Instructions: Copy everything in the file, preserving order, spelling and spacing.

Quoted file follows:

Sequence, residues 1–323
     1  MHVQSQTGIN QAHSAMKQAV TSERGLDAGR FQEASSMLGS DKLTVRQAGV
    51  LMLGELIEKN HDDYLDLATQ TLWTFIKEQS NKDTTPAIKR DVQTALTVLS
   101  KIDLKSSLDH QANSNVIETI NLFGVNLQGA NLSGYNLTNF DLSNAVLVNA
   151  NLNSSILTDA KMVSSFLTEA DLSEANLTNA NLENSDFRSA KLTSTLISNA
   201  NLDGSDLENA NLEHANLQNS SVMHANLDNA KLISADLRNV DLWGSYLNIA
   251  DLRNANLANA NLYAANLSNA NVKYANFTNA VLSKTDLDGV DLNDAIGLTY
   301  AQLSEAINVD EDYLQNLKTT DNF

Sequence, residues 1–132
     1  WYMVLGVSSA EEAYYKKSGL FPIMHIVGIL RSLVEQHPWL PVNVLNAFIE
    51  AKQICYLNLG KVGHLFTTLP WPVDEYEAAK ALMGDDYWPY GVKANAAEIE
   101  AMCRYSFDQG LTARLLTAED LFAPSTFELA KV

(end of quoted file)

Sequence, residues 1–323
     1  MHVQSQTGIN QAHSAMKQAV TSERGLDAGR FQEASSMLGS DKLTVRQAGV
    51  LMLGELIEKN HDDYLDLATQ TLWTFIKEQS NKDTTPAIKR DVQTALTVLS
   101  KIDLKSSLDH QANSNVIETI NLFGVNLQGA NLSGYNLTNF DLSNAVLVNA
   151  NLNSSILTDA KMVSSFLTEA DLSEANLTNA NLENSDFRSA KLTSTLISNA
   201  NLDGSDLENA NLEHANLQNS SVMHANLDNA KLISADLRNV DLWGSYLNIA
   251  DLRNANLANA NLYAANLSNA NVKYANFTNA VLSKTDLDGV DLNDAIGLTY
   301  AQLSEAINVD EDYLQNLKTT DNF

Sequence, residues 1–132
     1  WYMVLGVSSA EEAYYKKSGL FPIMHIVGIL RSLVEQHPWL PVNVLNAFIE
    51  AKQICYLNLG KVGHLFTTLP WPVDEYEAAK ALMGDDYWPY GVKANAAEIE
   101  AMCRYSFDQG LTARLLTAED LFAPSTFELA KV